print('blog_post_save_signal() called')
    print('sender : {}\n'.format(sender))
    print('args : {}\n'.format(args))
    print('kwargs : {}\n'.format(kwargs))
    print('---------------------------------\n')

#SHELL
>>> user = User.objects.get(pk=1)
>>> print(user)
    root
>>> create_blog_kwarg = {"user":user,"title":"New Blog created","content":"Blog sample description","status":"PUBLISH"}
>>> blog=BlogModel.objects.create(**create_blog_kwarg)
    blog_pre_init_signal() called
    blog_post_init_signal() called
    ---------------------------------

    blog_pre_save_signal() called
    sender : <class 'blogs.models.BlogModel'>

    args : ()

    kwargs : {'signal': <django.db.models.signals.ModelSignal object at 0x7fb35bf62ba8>, 'using': 'default', 'update_fields': None, 'instance': <BlogModel: New Blog created>, 'raw': False}

    ---------------------------------

    ---------------------------------

    blog_post_save_signal() called
    sender : <class 'blogs.models.BlogModel'>

    args : ()

    kwargs : {'signal': <django.db.models.signals.ModelSignal object at 0x7fb35bf62c50>, 'update_fields': None, 'created': True, 'raw': False, 'instance': <BlogModel: New Blog created>, 'using': 'default'}

    ---------------------------------

pre_delete signal

This signal is called before the deleting the model instance.

post_delete signal

This signal is called after the deleting the model instance.

Example

@receiver(pre_delete, sender=BlogModel)
def blog_pre_delete_signal(sender, *args, **kwargs):
    print('---------------------------------\n')
    print('blog_pre_delete_signal() called')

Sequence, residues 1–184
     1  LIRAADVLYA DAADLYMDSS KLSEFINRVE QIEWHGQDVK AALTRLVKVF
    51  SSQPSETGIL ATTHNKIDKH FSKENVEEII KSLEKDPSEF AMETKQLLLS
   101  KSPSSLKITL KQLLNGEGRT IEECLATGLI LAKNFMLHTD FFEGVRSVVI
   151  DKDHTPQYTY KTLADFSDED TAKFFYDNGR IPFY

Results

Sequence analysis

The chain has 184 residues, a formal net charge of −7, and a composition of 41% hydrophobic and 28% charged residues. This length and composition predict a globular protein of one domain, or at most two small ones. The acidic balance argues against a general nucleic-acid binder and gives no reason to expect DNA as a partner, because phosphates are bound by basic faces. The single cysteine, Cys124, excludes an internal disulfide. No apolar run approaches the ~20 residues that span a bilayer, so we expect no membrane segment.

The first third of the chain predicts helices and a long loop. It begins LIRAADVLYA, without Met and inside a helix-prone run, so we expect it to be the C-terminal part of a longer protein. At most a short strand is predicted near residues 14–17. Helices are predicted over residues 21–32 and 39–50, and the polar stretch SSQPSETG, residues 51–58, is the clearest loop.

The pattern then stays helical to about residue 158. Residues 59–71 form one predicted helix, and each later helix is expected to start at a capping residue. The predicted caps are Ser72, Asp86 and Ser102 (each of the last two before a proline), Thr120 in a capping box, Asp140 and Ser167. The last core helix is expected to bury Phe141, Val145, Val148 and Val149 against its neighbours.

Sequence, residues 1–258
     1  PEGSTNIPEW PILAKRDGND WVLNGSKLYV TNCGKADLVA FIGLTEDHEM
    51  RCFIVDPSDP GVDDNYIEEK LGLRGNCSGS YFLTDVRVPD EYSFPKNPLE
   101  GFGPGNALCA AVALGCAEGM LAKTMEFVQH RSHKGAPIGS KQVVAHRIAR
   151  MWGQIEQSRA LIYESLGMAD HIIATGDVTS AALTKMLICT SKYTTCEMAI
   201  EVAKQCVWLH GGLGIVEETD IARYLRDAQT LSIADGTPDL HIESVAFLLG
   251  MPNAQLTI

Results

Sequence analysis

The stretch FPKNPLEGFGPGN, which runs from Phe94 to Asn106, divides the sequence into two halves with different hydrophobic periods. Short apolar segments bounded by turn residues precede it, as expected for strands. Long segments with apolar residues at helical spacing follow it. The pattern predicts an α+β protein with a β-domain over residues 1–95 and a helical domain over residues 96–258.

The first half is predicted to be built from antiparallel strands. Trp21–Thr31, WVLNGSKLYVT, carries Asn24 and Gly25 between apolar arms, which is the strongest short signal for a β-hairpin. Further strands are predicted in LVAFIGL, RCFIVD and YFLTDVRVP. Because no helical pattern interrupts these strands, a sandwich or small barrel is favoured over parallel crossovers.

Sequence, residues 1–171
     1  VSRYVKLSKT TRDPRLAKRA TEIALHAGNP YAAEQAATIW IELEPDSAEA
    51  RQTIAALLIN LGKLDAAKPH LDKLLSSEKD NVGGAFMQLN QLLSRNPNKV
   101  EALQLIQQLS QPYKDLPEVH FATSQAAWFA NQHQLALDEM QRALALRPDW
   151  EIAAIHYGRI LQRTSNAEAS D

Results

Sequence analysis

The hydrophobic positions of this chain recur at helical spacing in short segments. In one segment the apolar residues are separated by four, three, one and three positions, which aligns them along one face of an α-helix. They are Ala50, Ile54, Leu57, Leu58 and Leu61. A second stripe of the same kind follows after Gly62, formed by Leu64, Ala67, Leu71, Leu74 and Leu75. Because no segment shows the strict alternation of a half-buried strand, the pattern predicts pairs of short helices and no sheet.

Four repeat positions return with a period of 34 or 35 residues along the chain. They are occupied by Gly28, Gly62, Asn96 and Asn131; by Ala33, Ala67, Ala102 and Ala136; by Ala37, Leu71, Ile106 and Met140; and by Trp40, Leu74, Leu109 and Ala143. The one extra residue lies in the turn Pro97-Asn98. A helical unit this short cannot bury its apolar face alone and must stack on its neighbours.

print('sender : {}\n'.format(sender))
    print('args : {}\n'.format(args))
    print('kwargs : {}\n'.format(kwargs))
    print('---------------------------------\n')

@receiver(post_delete, sender=BlogModel)
def blog_post_delete_signal(sender, *args, **kwargs):
    print('---------------------------------\n')
    print('blog_post_delete_signal() called')
    print('sender : {}\n'.format(sender))
    print('args : {}\n'.format(args))
    print('kwargs : {}\n'.format(kwargs))
    print('---------------------------------\n')
    
#SHELL
>>> blog = BlogModel.objects.get(pk=160)
    blog_pre_init_signal() called
    kwargs : {'kwargs': {}, 'args': (160, 1, 'signal 1 ', 'Signal Changed', 'PUBLISH', datetime.datetime(2019, 5, 16, 10, 5, 48, 242734, tzinfo=<UTC>), datetime.datetime(2019, 5, 27, 6, 51, 3, 915106, tzinfo=<UTC>)), 'signal': <django.db.models.signals.ModelSignal object at 0x7fca0a43b908> }
    args : ()
    blog_post_init_signal() called
>>> blog.delete()
    ---------------------------------

    blog_pre_delete_signal() called
    sender : <class 'blogs.models.BlogModel'>

    args : ()

    kwargs : {'using': 'default', 'instance': <BlogModel: signal 1 >, 'signal': <django.db.models.signals.ModelSignal object at 0x7fca0a43bcc0> }

    ---------------------------------

    ---------------------------------

    blog_post_delete_signal() called
    sender : <class 'blogs.models.BlogModel'>

    args : ()

    kwargs : {'using': 'default', 'instance': <BlogModel: signal 1 >, 'signal': <django.db.models.signals.ModelSignal object at 0x7fca0a43bd68> }

    ---------------------------------

    (1, {'blogs.BlogModel': 1, 'blogs.BlogFilesModel': 0})
For complete documentation on Django Signals visit the Official Website of Django Framework.

Conclusion

We have come to the final part of this post. Till now we have discussed types of model signals such as pre_init, post_init, pre_save, post_save, pre_delete, post_delete.